How big data can enhance health care for Hong Kong’s ageing population and chronic disease patients
Hong Kong’s ageing population and the growing number of patients with chronic diseases are going to place much more demand on both the public and private health-care systems in the future – and this is not simply an issue of controlling costs or increasing resources.
While traditionally, health-care services have been focused on sick-care management, we need to review some of the current service delivery models to manage patients with longer-term or chronic diseases more effectively, taking a more patient-centred approach. We need more horizontal integration within and across disciplines and a new model for managing chronic diseases, moving from many concurrent specialties to a matrix of services that offers greater flexibility in addressing patients’ changing needs.
Integrated and cross-specialty care is going to be the watchword of the future in chronic disease management. This involves greater collaboration across specialties, collaboration with the social sector at the community level, more health education programmes for patients and carers, and extensive use of information technology.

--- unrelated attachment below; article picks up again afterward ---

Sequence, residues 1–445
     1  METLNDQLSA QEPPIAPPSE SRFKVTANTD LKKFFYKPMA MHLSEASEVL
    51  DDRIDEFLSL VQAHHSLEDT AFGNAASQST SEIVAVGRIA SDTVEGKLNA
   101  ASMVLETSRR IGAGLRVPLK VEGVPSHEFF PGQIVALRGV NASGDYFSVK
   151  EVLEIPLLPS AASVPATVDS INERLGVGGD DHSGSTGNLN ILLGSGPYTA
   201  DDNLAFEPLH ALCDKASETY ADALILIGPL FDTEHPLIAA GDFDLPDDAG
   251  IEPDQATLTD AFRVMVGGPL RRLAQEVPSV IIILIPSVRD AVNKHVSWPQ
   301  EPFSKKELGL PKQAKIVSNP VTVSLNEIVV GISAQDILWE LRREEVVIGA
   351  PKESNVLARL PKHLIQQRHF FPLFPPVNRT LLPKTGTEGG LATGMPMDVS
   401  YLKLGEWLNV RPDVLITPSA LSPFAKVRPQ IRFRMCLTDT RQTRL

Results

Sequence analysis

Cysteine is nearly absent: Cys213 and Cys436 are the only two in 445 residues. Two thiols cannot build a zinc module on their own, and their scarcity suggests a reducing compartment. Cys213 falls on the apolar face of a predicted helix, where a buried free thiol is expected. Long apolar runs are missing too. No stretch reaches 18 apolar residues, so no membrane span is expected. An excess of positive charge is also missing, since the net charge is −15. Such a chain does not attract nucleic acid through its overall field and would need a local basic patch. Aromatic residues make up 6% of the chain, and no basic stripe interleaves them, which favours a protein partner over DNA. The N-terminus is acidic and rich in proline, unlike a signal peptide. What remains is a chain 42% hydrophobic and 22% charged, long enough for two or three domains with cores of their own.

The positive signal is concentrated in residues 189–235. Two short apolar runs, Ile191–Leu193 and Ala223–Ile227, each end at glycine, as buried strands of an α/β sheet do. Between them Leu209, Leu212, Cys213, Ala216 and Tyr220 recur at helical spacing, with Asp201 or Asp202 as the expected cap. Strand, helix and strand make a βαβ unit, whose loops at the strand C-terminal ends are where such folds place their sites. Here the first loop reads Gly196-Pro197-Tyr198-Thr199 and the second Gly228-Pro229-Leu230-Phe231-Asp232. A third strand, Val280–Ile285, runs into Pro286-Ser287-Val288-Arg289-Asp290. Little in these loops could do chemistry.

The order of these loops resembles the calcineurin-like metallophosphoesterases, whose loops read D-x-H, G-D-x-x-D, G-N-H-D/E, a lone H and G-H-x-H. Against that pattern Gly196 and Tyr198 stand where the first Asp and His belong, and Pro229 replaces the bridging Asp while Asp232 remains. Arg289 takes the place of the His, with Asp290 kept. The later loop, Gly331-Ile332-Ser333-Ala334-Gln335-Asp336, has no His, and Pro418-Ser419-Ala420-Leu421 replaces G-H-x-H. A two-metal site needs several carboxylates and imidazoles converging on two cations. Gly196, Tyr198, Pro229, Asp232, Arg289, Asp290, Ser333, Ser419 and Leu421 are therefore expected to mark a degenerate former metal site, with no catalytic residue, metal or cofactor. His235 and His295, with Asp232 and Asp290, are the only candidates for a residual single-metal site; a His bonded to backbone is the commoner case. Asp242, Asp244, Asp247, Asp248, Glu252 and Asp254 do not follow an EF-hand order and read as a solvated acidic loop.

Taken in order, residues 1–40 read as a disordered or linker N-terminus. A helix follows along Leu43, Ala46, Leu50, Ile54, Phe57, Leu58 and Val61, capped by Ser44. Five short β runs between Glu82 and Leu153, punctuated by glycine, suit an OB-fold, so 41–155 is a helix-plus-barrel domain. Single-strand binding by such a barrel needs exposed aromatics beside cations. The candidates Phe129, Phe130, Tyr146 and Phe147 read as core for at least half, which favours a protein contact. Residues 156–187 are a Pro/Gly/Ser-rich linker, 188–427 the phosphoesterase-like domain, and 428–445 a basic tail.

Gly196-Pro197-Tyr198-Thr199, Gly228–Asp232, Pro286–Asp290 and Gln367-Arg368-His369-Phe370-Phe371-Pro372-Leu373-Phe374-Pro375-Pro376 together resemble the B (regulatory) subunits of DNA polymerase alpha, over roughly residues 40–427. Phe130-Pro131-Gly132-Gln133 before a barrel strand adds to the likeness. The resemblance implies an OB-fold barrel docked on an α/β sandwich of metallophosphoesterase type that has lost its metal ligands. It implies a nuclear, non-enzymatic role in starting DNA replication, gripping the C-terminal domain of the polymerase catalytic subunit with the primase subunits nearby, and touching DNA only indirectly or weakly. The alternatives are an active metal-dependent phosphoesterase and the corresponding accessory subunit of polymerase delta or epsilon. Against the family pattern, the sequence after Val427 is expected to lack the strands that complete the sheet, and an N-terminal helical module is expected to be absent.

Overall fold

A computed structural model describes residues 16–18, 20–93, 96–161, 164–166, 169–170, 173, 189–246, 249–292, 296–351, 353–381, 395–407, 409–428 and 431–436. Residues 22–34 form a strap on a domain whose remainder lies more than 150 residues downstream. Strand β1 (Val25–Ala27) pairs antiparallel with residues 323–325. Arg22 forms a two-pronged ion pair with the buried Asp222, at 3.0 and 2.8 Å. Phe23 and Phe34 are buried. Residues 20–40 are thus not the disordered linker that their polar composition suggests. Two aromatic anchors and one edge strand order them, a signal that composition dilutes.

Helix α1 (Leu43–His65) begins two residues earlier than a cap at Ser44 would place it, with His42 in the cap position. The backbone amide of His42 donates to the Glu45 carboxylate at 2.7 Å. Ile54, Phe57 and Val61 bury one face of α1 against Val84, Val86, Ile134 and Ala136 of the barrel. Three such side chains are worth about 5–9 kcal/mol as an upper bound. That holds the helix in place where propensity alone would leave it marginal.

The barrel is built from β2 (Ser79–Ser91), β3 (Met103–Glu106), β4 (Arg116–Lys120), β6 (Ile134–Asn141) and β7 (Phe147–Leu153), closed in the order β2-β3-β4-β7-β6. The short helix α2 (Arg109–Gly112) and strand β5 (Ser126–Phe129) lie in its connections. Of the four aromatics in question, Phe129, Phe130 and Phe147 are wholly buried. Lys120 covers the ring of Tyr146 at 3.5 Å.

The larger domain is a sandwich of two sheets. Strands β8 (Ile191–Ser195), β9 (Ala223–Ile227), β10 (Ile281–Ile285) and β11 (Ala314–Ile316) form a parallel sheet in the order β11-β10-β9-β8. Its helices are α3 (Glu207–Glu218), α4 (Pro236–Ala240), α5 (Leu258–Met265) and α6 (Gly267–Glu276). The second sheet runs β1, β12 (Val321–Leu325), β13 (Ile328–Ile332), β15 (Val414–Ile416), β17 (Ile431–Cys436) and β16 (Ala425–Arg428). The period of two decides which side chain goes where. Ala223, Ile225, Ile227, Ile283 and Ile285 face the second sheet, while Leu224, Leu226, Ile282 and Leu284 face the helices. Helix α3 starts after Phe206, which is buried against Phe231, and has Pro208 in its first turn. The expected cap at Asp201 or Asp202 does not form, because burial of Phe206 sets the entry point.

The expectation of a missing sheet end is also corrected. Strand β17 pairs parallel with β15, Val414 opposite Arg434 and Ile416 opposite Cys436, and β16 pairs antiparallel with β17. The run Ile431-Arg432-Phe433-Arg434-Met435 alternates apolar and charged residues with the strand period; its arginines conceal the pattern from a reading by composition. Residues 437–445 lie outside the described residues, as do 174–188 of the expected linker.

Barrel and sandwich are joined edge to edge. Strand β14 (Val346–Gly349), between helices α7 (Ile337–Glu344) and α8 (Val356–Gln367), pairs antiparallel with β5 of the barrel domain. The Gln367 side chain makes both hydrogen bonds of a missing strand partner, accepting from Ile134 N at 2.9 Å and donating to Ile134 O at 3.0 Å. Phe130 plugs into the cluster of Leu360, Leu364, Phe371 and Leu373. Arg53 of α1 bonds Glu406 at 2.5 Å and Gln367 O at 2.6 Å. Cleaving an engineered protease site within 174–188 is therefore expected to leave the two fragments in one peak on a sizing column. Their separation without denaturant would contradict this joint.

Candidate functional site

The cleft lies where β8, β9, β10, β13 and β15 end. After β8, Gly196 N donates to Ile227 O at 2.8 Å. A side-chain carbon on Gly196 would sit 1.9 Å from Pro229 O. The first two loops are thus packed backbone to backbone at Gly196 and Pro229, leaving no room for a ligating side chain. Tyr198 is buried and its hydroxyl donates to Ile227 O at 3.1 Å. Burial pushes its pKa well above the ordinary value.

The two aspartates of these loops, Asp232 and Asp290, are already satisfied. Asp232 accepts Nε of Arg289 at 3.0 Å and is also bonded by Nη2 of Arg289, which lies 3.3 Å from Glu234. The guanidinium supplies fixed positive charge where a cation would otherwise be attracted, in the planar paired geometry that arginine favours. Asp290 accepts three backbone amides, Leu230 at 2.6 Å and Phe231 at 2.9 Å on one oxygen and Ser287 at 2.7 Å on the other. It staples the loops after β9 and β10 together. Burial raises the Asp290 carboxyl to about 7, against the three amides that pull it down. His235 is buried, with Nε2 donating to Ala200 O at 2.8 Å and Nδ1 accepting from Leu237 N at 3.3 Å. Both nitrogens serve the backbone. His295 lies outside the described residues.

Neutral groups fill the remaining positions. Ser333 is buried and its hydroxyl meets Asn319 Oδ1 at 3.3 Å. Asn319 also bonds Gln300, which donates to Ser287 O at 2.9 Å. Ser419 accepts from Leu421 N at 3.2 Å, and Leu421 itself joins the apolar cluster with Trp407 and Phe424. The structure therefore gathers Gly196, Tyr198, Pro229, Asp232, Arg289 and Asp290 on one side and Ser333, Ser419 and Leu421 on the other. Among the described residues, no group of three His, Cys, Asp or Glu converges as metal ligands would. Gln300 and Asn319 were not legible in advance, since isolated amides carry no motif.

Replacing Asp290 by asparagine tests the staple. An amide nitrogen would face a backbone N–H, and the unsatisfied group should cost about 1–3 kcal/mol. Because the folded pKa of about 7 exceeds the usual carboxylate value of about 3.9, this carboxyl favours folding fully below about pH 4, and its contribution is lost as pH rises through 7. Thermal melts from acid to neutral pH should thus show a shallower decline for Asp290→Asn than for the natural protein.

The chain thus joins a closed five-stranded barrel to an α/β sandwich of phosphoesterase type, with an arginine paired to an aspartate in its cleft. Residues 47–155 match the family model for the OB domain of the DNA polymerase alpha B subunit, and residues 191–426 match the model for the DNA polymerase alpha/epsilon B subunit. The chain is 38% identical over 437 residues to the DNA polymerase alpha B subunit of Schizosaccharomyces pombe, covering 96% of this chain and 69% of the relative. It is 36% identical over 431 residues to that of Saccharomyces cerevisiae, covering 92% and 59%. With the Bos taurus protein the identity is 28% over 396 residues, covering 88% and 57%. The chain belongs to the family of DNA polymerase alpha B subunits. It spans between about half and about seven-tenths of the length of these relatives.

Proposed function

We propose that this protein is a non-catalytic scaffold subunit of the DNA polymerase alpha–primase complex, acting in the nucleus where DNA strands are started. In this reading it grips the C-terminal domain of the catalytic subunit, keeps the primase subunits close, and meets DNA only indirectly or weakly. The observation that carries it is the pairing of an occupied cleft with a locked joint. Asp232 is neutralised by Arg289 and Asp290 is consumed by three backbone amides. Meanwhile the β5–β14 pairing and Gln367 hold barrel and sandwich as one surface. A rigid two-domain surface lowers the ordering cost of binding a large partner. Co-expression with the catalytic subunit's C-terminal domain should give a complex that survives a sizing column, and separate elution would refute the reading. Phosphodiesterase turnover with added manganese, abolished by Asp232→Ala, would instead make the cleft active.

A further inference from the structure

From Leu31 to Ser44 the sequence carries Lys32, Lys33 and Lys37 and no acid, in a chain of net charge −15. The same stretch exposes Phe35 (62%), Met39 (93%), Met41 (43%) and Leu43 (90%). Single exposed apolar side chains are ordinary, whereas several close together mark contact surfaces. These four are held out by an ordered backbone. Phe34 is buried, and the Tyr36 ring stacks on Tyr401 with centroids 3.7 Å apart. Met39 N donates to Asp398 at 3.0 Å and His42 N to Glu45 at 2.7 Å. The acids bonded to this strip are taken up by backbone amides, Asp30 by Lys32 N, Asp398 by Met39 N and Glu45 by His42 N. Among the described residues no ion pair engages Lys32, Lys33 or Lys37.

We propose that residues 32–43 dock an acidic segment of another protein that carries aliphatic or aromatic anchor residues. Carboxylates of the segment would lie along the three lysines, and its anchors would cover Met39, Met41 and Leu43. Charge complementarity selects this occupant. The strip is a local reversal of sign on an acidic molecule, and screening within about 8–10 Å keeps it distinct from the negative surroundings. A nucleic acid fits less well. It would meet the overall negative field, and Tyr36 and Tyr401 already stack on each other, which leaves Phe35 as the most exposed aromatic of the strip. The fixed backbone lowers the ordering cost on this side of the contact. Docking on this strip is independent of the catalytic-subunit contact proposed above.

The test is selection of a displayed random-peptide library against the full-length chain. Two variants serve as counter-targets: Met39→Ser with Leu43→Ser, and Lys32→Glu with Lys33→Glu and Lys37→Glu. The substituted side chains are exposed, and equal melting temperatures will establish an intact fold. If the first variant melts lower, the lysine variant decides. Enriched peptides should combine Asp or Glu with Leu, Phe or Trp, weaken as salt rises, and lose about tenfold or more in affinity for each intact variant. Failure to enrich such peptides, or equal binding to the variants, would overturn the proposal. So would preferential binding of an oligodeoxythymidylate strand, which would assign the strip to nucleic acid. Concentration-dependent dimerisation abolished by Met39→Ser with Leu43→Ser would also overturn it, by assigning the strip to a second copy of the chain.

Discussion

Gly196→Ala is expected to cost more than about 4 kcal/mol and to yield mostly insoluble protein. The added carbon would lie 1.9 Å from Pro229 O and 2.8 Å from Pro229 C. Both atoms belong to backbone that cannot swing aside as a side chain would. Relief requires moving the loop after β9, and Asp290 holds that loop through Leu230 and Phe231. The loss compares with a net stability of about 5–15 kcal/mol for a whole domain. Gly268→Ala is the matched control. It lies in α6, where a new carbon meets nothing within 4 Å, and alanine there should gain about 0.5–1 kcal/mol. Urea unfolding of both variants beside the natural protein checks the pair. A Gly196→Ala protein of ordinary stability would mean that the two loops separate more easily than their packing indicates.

One good example is the Risk Factor Assessment and Management Programme for enhancing chronic disease management. Patients with diabetes and hypertension at our primary-care clinics are systematically assessed and cared for by multidisciplinary teams of nurses and allied health professionals. This enables the risk of complications to be stratified, so we can provide targeted clinical interventions and empower them to care for themselves.
It is very clear that IT is playing an increasingly important role in managing the treatment pathways of chronic diseases. The advent of “big data” and rapid advances in artificial intelligence will enable our future IT services to go far beyond today’s functions and capability. Besides facilitating real-time assessment and early intervention, they can be predictive and play a much bigger role in the prevention and care of chronic diseases.
Our vision is to see the vast majority of older patients age happily in their home environment, monitoring their own health as far as possible and keeping medical appointments or hospital stays to a minimum. This will require us all to take a wider perspective and develop a new model of patient-centred care.
Dr P. Y. Leung, chief executive, Hospital Authority